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6 TABLE OF CONTENTS page ACKNOWLEDGMENTS...............................................................................................................4 LIST OF TABLES................................................................................................................. ..........9 LIST OF FIGURES.......................................................................................................................10 LIST OF ABBREVIATIONS........................................................................................................ 12 ABSTRACT...................................................................................................................................13 CHAP TER 1 LAND-COVER CHANGE AND NATURAL RESOURCE USE........................................ 15 Introduction................................................................................................................... ..........15 Natural Resource Use, Land-use Land-Cover Change and Political Ecology ....................... 16 Renewable and Nonrenwabl e Resource Extraction ................................................................ 18 Heavy Oil Production in Eastern Venezuela.......................................................................... 19 Environmental Performance Variab ility in the Heavy Oil Belt .............................................. 20 2 LAND-USE AND LAND-COVER CHANGE RESULTING FROM RENEWABLE AND NONRENE WABLE RESOURCE EXTRACTION: A REVIEW............................... 22 Introduction................................................................................................................... ..........22 Background......................................................................................................................24 LUCC and Political Ecology (T heoretical F ramework)..................................................24 Land-Cover Modification and Conversion...................................................................... 27 Specific Issues: Renewable Natural Resources...................................................................... 30 Agriculture.......................................................................................................................30 Logging............................................................................................................................33 Type of logging........................................................................................................33 Fire...........................................................................................................................34 Other factors.............................................................................................................36 Specific Issues: Nonrenewab le Natural Resources .................................................................37 Gold Mining....................................................................................................................37 Land degradation......................................................................................................37 Regeneration.............................................................................................................39 Mercury pollution..................................................................................................... 40 Solutions...................................................................................................................41 Oil Exploration and Production....................................................................................... 42 Wildlife: caribou......................................................................................................42 Seismic lines.............................................................................................................44 Roads...............................................................................................................................44 Conclusion..............................................................................................................................46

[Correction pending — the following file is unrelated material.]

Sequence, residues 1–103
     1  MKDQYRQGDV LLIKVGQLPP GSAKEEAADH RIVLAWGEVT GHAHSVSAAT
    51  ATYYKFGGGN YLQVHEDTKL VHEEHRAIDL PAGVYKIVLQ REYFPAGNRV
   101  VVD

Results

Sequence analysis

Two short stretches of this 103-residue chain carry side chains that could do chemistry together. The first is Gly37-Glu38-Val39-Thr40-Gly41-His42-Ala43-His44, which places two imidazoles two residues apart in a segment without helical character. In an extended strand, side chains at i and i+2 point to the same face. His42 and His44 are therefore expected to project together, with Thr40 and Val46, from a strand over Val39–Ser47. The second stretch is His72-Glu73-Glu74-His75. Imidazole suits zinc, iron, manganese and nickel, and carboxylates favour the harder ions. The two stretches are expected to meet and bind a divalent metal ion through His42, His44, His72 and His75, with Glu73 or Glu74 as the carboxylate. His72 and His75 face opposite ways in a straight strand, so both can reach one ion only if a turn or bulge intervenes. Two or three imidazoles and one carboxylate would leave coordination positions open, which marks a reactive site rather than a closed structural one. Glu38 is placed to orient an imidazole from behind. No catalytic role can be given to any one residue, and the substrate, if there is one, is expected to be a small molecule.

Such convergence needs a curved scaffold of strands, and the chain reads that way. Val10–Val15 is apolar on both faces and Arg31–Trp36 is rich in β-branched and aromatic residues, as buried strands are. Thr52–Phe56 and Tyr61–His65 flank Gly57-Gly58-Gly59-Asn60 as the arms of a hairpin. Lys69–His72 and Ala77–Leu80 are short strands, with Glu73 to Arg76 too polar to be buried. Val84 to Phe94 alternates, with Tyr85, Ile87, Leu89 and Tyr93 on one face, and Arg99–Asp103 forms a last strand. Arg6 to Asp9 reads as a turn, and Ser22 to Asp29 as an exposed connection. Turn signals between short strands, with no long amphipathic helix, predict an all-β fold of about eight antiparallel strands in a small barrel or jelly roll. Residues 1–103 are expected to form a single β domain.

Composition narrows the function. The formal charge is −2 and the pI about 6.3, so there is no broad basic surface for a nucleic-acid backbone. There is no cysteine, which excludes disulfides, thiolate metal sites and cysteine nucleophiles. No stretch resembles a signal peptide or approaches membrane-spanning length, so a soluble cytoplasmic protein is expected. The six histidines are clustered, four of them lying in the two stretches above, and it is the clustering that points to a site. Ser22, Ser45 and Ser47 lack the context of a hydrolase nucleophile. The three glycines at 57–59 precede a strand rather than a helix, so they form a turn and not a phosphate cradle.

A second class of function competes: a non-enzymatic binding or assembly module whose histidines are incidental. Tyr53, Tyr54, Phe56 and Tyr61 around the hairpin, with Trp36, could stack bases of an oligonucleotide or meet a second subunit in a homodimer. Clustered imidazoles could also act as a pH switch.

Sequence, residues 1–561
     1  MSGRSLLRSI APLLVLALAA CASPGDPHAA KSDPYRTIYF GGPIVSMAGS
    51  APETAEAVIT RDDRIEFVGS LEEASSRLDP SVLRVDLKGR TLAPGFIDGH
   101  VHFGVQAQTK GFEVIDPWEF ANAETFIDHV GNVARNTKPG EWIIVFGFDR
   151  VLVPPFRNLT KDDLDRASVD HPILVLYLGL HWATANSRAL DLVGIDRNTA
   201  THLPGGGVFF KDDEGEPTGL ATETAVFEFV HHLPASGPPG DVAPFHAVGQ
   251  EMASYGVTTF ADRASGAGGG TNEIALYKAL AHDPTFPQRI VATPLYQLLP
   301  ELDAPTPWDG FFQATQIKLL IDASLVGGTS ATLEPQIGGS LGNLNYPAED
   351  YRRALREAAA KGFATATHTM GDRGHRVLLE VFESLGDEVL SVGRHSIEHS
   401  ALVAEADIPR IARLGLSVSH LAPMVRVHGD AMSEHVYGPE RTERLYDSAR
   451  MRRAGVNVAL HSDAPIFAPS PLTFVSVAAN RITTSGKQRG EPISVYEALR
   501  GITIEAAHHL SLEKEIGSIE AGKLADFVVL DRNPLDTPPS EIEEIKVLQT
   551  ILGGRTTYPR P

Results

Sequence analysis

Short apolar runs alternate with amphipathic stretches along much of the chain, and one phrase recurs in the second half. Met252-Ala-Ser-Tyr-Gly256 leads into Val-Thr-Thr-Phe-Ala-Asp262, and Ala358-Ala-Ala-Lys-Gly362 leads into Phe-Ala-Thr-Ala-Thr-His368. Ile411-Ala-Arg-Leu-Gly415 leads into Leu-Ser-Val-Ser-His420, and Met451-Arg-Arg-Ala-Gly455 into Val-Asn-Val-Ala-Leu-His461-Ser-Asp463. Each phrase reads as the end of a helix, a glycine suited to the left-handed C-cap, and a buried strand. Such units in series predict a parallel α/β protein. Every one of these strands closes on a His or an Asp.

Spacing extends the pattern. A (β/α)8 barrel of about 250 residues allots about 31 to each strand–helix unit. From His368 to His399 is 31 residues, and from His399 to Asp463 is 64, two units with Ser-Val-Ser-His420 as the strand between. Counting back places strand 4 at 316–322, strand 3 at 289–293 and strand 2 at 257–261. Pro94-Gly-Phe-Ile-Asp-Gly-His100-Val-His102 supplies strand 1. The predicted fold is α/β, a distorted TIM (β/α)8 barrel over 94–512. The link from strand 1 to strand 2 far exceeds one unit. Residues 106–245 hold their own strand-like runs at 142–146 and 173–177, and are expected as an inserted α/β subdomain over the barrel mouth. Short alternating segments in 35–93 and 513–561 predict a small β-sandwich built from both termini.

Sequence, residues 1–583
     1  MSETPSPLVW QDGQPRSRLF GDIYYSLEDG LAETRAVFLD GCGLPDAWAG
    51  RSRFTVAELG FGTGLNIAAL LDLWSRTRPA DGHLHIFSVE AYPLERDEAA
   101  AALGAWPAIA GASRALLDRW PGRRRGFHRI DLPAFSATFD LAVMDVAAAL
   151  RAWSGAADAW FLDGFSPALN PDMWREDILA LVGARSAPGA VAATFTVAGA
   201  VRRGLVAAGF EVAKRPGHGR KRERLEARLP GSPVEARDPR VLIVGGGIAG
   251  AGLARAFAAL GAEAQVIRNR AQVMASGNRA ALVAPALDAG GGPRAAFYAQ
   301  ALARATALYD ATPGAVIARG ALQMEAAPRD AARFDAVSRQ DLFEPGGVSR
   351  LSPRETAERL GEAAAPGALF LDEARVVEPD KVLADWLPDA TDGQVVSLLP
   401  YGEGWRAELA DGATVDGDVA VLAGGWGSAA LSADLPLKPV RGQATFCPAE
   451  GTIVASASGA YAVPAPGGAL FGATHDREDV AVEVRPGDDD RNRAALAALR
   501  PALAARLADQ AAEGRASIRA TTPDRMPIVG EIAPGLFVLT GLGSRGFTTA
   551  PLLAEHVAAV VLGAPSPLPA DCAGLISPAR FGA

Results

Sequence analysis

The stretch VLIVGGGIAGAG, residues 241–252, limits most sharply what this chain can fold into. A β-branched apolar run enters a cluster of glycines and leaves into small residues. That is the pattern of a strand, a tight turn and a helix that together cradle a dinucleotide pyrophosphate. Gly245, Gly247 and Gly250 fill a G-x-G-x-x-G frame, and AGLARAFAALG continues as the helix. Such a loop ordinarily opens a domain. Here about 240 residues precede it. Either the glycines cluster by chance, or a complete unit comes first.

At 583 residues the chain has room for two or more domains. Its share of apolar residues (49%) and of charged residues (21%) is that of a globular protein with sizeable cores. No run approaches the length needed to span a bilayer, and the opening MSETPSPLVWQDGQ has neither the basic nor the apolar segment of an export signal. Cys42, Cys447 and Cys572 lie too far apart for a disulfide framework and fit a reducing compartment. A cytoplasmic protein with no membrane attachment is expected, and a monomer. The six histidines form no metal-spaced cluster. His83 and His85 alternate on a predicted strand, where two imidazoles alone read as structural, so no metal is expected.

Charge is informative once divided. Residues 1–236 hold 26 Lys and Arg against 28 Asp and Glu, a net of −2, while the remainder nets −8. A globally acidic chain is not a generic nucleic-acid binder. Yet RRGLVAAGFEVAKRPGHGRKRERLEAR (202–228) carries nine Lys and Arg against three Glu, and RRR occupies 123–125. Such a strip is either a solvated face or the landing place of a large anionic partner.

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7 3 DO NATIONAL OIL COMPANIES PR ODUCE GREATER ENVIRONMENTAL ALTERATI ONS THAN MULTINATIONAL OI L COMPANIES? THE CASE OF VENEZUELAS HEAVY OIL BELT................................................................................... 49 Remote Sensing, Geographic Information System s (GIS) and Petroleum............................. 52 Materials and Methods...........................................................................................................54 Site Description...............................................................................................................54 Data Description (Concessi ons and Control Groups) ..................................................... 55 Time Frame.....................................................................................................................56 Image Processing and GIS Procedures............................................................................ 58 Petroenergy Maps............................................................................................................ 59 Control Areas...................................................................................................................60 Nor malized Difference Vegetation Index ( NDVI)..........................................................60 Change-Detection: 1990 to 2000.....................................................................................60 GIS Techniques: the 2005 Petroscape.............................................................................61 Petroscape density.................................................................................................... 62 Edge-effect zones.....................................................................................................63 Core-areas.................................................................................................................64 Agriculture...............................................................................................................64 Rainfall Patterns..............................................................................................................64 Results and Discussion......................................................................................................... ..65 Vegetation Change.......................................................................................................... 65 Petroscape........................................................................................................................66 Nonpetroscape.................................................................................................................68 Petro and Nonpetroscape.................................................................................................69 Conclusion..............................................................................................................................71 4 SPATIAL ANALYSIS AND STATIS TICAL C ORRELATIONS AMONG PETROSCAPE FEATURES IN THE HEAVY OIL BELT.................................................. 95 Introduction................................................................................................................... ..........95 Production in the Heavy Oil Belt.................................................................................... 97 Land-Use Land-Cover Change........................................................................................ 98 Expected Findings...........................................................................................................99 Methods................................................................................................................................103 LUCC Related to the Petro and Nonpetroscape............................................................ 104 The Coefficient of Determination................................................................................. 105 Nonparametric Statistical Analysis............................................................................... 106 Results and Discussion......................................................................................................... 108 Determining the R Coefficient..................................................................................... 108 Nonparametric Statistical Analysis............................................................................... 108 European and US results........................................................................................ 109 Local results...........................................................................................................109 Conclusion............................................................................................................................111